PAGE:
Ø It helps ECI in keeping with the mandate it has been given under Article 324 of the Constitution, which gives it the power to supervise and conduct free and fair elections to the Parliament and State Legislatures.
Ø The MCC is operational from the date on which the election schedule is announced until the date of result announcement.
Ø MCC is not statutory but Political Parties, Candidates and Polling Agents are expected to observe the norms, on matters ranging from the content of election manifestos, speeches and processions, to general conduct etc.
Ø Certain provisions of the MCC may be enforced through invoking corresponding provisions in other statutes such as the Indian Penal Code 1860, Code of Criminal Procedure 1973, and Representation of the People Act 1951.
7. Electoral Reforms (Prelims, GS II-Governance)
Why in News?
Ø According to the National Election Watch (NEW)and Association of Democratic Reforms (ADR), in the Assembly elections in Assam, Kerala, Puducherry, Tamil Nadu and West Bengal, at least 1,157 out of 6,318 candidates have criminal cases against them.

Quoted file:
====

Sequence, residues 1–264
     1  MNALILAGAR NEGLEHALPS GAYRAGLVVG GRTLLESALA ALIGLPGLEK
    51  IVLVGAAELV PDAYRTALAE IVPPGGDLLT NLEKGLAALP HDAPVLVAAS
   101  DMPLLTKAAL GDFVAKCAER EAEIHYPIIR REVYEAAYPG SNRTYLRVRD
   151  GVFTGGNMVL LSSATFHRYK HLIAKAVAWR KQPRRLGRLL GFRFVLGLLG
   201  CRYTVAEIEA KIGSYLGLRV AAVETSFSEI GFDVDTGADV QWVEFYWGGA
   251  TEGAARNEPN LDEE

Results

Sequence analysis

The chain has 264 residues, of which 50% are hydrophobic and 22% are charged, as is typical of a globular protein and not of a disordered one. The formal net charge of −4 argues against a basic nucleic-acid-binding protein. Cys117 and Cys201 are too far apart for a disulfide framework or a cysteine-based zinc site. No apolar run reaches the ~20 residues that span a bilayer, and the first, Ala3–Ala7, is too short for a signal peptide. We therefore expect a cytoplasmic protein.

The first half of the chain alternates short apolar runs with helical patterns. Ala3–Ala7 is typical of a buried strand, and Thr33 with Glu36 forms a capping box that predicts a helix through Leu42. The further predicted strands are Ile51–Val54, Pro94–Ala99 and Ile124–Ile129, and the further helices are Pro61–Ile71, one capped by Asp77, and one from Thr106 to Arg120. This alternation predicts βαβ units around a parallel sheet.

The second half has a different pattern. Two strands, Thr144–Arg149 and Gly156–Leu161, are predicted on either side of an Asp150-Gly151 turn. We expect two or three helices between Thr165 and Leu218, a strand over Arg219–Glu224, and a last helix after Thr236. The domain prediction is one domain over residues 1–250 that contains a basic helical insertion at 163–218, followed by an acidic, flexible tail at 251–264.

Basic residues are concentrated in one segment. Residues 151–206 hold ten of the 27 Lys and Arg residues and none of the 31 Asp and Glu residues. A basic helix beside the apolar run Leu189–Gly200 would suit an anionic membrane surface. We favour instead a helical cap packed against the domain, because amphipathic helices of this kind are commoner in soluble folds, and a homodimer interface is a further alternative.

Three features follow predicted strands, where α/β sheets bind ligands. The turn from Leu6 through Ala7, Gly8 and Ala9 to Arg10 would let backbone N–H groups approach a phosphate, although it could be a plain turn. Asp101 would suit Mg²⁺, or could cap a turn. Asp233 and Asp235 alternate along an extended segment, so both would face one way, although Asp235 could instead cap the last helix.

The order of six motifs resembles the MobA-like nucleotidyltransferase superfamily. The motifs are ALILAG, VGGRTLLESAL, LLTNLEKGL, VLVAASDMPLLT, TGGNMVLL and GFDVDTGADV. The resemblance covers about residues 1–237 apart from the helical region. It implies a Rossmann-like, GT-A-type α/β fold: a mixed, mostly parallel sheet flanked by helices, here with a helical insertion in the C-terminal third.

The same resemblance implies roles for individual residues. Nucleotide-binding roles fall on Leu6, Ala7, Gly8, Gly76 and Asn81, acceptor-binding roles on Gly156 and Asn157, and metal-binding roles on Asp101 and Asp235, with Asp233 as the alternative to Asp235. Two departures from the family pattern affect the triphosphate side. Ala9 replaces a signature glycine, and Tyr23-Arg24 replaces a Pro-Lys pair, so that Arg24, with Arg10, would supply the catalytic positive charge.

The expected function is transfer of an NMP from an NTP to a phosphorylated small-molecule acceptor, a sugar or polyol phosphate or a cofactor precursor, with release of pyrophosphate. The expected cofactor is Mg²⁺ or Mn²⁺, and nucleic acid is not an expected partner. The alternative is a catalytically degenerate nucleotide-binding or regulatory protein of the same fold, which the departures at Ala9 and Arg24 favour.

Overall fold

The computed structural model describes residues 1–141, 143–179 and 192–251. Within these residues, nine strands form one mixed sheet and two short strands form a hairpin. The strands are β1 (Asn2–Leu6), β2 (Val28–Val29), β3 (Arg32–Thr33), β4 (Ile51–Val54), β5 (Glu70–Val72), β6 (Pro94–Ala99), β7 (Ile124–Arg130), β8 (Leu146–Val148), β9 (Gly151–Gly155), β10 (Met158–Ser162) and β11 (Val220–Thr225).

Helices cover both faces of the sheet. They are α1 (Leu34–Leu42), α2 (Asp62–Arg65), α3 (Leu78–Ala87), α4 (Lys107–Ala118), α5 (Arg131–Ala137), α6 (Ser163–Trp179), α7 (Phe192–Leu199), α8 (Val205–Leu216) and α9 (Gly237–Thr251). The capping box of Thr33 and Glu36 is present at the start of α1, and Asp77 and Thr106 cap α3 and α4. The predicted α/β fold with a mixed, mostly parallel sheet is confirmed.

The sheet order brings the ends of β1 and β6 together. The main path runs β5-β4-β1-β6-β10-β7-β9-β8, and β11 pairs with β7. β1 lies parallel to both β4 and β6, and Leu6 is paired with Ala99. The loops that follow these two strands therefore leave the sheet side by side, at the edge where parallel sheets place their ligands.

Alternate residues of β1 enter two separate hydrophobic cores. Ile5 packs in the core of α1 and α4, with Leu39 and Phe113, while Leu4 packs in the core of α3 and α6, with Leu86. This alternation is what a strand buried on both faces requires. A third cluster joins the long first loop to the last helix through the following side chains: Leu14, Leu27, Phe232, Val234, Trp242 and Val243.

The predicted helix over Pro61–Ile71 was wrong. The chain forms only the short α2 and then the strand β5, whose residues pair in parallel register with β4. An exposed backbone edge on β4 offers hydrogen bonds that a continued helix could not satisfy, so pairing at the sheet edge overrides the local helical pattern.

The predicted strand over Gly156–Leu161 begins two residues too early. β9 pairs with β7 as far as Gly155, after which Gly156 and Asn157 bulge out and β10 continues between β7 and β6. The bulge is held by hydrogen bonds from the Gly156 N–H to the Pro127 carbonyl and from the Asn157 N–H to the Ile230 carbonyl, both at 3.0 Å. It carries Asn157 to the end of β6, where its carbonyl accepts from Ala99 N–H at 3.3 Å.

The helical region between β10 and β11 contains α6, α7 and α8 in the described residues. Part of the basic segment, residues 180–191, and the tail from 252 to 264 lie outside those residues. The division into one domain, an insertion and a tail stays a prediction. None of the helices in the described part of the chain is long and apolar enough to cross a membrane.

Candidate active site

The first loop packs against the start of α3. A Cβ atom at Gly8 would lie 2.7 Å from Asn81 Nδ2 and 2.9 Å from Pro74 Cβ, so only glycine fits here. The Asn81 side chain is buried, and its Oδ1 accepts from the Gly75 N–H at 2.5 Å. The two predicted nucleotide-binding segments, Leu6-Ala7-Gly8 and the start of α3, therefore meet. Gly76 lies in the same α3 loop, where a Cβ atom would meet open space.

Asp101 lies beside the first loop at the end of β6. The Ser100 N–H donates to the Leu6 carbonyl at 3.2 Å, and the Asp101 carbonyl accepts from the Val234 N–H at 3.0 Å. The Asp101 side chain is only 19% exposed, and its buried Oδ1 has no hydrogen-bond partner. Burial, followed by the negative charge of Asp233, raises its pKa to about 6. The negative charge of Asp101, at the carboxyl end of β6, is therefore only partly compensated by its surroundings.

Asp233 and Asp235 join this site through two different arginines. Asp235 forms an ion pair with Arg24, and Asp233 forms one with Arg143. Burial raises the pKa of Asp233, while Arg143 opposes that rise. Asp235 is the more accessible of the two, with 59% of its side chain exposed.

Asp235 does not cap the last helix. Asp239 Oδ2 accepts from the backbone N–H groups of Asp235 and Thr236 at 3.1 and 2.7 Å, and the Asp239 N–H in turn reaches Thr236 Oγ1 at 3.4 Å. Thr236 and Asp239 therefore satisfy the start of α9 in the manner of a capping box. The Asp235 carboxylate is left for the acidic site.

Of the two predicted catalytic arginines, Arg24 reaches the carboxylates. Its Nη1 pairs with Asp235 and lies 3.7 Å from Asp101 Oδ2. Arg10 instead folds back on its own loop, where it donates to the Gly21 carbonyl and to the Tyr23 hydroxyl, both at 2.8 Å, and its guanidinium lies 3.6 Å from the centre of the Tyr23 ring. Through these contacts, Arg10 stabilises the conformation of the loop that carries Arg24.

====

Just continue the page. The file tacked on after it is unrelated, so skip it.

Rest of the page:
Ø NEW is a nationwide campaign since 2002 comprising more than 1200 Non-governmental Organizations (NGOs) and other citizen led organizations working together on electoral reforms, improving democracy and governance in India.
Ø ADR is an Indian NGO established in 1999situated in New Delhi.
What is Criminalisation of Politics?
Ø It means the participation of criminals in politics which includes that criminals can contest in the elections and get elected as members of the Parliament and the State legislature.
Ø It takes place primarily due to the nexus between politicians and criminals.
Ø Indian Constitution does not specify as to what disqualifies a person from contesting elections for the Parliament, Legislative assembly or any other legislature.
Ø The Representation of Peoples Act 1951 mentions the criteria for disqualifying a person for contesting an election of the legislature.